- Edited from an article by Sunil Vidyarthi, M.B.A., PhD
What’s your take on the umpteenth version of the political shenanigans that recently went down in Washington?
To us, reality is one thing and noise is another. Mostly, the noise is simply the chattering classes wasting paper and using up electricity. In effect, it’s much ado about nothing.
In the overall scheme of things, is it really a catastrophe if a million or so U.S. government workers get a paid vacation for a few days, or even a few weeks?
Yes, the poor won’t get their checks on time. But, hey, whoever cared about them in the halls of government anyway?
Yet, why are the pols in the U.S. riled up about government debt in the first place? It’s not as if the problem emerged yesterday.
When America, for example, went off the gold standard many years ago, most currencies, including the U.S. dollar, became nothing more than pieces of paper – in effect, IOUs backed by government printing presses.
Today, the world’s money problems take many forms. But they all share a common virus: the expectation of inflation.
This is an unfortunate consequence of capitalist democracies everywhere. Indeed, no country has been immune to the contagion since the Berlin Wall went down back in 1990.
Yet, even before that event, there were fiscal problems – in socialist economies, as well as capitalist ones.
So, let the philosophers figure out why we as a society keep sliding down this hill. What surprises us most is why there’s so much noise about who, what and why?
We can knock ourselves out over all of this, as many of us will do at the local pub, or at a cocktail party. But we’d prefer to focus on what it means for investors.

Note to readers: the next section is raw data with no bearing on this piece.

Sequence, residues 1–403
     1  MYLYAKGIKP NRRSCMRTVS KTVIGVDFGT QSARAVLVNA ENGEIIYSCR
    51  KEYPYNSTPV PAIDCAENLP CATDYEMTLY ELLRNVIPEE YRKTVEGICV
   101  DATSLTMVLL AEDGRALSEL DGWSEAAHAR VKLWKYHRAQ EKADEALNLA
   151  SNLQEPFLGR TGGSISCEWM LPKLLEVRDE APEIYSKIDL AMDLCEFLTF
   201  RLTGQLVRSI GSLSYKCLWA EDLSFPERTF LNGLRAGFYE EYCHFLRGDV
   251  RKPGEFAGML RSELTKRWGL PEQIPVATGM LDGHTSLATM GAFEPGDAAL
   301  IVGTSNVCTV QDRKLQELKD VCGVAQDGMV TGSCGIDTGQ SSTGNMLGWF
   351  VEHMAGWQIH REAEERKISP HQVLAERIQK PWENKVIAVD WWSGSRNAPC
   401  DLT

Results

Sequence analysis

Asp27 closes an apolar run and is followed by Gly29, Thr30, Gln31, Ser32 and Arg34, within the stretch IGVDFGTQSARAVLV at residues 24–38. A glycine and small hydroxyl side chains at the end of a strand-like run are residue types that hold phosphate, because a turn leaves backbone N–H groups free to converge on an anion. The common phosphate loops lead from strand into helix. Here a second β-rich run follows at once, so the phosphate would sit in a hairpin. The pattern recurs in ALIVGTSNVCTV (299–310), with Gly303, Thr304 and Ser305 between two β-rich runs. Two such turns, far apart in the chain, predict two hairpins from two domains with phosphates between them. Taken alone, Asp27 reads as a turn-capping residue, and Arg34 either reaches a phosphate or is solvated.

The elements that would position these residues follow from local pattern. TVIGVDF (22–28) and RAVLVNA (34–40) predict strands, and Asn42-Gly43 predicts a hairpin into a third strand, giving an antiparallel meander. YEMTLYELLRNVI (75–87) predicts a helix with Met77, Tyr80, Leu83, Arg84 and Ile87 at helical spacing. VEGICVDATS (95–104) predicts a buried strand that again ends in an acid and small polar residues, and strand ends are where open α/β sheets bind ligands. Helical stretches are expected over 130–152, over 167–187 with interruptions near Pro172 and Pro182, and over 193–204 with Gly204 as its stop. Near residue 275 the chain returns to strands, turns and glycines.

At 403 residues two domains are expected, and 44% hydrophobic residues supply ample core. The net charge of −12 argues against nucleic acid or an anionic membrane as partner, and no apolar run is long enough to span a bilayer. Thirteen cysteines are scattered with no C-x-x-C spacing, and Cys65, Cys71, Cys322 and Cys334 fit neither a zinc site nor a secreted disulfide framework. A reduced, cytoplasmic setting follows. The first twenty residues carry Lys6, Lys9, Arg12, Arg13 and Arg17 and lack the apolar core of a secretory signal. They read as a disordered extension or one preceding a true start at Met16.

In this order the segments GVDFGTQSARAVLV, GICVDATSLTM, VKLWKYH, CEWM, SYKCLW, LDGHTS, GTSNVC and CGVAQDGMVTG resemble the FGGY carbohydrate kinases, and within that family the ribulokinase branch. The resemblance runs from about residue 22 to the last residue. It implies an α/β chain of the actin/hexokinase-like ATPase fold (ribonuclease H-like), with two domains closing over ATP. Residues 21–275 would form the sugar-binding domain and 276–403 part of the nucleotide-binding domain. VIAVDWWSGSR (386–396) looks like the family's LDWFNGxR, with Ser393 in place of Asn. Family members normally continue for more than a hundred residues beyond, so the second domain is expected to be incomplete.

First, you have to realize that this sickness isn’t about to end anytime soon. There’s no one out there with a solution.
The folks who are charged with solving the problem – the U.S. Federal Reserve and the world’s central banks – have tried, but failed, to get governments to rein in their spending.
So, these bankers have done the only other thing they can do to deal with the problem: they’ve kicked the can down the road. Welcome to the end of trickle-down economics and the new era of the kicked-can economy.
But it’s not just governments that are doing this. Corporate executives are just as guilty, jumping ship, while collecting their million dollar bonuses in the process.
Even at the local level, small businesses continue to raise their prices without any regard for what tomorrow might bring. Inflation, deflation, depression or stagflation? Who knows? The only thing we seem to know is how to take a kick at the can.
And in that context, it’s no surprise that the pols down in Washington are doing the same thing. Let the next guy deal with the problems, they seem to be saying. For now, let’s get Obama.
But for investors, this can be a disaster just as it was back in 2008. The excesses will again find some sector players with their hands in the cookie jar and confidence will all but collapse.
Yet, this may still be some years away. Although the can may be in motion, it hasn’t yet reached the edge of the cliff. Until then there are a few things you can safely assume. One is that interest rates aren’t likely to go up all that much.
Think about it. Even with our present low rates, consumers don’t want to spend, while corporations don’t want to make things that consumers don’t want to buy.
Moreover, all levels of government owe a ton of money on which they have to pay interest.
So, any way you look at it, higher rates just make things worse. In other words, the only solution to problems created by the spectre of rising rates is to lower rates once again.
Indeed, we recently saw what happened when rates were hiked to three from two per cent. Everyone fled, forcing the powers – you guessed it! – to lower rates.
Nonetheless, in all this see-sawing, opportunities exist for investors. So, get greedy and prepare to scoop up all the good stuff other folks throw overboard in the hope that interest rates will rise to five or even six per cent.